A Canadian (who also knows some Cantonese) gave me a link to an article citing research that has discovered "that a significant proportion of native English speakers are unable to understand some basic sentences."
I'm not surprised by this, and actually think that because the researchers assumed "that all speakers have a core ability to use grammatical cues", they were inevitably going to run into results that would contradict that assumption.
Specifically, they discovered that "A high proportion of those who had left school at 16 began to make mistakes" and "a proportion of people with low educational attainment make errors with understanding the passive, and it appears that this and other important areas of core grammar may not be fully mastered by some speakers, even by adulthood."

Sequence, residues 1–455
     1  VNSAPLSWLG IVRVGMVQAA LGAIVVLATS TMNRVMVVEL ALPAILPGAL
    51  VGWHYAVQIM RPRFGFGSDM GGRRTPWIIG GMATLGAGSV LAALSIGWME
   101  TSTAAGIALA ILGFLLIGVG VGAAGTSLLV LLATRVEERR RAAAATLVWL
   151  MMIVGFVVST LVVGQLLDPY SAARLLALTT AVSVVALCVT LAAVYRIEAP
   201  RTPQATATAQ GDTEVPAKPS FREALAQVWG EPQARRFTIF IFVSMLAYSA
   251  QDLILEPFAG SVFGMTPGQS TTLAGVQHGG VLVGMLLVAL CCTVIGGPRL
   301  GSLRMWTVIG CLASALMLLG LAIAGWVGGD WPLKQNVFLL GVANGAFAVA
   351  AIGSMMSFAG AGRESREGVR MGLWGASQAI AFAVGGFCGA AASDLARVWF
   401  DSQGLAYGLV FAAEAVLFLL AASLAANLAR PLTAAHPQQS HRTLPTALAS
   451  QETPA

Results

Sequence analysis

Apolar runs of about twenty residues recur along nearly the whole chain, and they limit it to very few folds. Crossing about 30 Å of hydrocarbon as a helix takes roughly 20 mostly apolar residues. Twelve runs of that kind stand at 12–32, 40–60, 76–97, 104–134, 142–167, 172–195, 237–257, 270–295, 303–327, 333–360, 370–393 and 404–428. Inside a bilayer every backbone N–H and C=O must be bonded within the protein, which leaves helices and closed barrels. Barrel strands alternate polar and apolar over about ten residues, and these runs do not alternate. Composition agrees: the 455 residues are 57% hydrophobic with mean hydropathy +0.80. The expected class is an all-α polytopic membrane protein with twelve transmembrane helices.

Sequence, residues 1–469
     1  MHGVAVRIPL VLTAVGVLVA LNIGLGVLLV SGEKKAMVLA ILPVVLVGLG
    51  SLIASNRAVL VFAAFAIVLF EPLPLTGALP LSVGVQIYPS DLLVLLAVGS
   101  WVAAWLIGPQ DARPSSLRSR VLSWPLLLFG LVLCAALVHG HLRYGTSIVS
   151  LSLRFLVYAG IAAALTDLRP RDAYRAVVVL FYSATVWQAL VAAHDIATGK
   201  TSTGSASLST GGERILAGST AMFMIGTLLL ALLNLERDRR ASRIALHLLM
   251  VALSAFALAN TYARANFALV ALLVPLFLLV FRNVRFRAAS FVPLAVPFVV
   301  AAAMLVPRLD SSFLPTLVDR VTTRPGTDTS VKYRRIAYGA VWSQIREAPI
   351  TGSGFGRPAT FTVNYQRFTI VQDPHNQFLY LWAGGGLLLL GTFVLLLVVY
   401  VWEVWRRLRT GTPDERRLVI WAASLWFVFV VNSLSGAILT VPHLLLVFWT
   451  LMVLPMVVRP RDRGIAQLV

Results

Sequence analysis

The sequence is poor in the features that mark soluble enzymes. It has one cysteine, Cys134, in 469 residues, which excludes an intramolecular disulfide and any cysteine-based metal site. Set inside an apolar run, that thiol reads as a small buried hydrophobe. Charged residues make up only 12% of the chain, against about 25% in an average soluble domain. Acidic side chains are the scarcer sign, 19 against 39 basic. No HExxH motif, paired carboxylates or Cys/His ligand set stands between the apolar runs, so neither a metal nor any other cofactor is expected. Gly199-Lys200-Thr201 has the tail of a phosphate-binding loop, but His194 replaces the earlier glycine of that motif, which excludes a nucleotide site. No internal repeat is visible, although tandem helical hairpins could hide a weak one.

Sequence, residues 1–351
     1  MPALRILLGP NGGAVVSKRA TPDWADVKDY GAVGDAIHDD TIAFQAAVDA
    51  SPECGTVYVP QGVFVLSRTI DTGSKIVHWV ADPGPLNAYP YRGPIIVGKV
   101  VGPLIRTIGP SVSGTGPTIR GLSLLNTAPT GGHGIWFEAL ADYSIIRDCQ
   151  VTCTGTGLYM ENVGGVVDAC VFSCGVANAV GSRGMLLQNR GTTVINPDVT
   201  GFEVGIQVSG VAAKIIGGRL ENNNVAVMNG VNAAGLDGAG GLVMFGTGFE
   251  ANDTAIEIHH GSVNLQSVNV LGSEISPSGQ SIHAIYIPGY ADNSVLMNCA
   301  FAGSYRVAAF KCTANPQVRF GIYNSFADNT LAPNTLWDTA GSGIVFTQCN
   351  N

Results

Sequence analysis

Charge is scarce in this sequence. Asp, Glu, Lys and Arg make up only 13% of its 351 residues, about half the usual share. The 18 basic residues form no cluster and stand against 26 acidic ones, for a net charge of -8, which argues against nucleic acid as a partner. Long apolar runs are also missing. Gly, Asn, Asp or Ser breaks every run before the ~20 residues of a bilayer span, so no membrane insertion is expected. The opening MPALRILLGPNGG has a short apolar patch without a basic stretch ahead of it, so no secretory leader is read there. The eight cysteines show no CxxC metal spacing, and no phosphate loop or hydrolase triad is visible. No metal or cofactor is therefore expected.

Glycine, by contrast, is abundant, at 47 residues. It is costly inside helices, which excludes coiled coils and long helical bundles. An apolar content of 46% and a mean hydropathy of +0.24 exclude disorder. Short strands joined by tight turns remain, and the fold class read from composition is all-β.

I think it's quite obvious that more education or more exposure to complex reading and writing will lead to an understanding of more complex grammar. One thing that bothered me when I was studying education and language acquisition in school was that everyone would gather around a theory, and if I would suggest anecdotal or observational evidence that would contradict what they were saying, they would dismiss it because the research didn't show that. But my experience did, so why diss it? Sometimes I think that academia doesn't tolerate exceptions because it messes up their tidy little package that they want to present to their peers.
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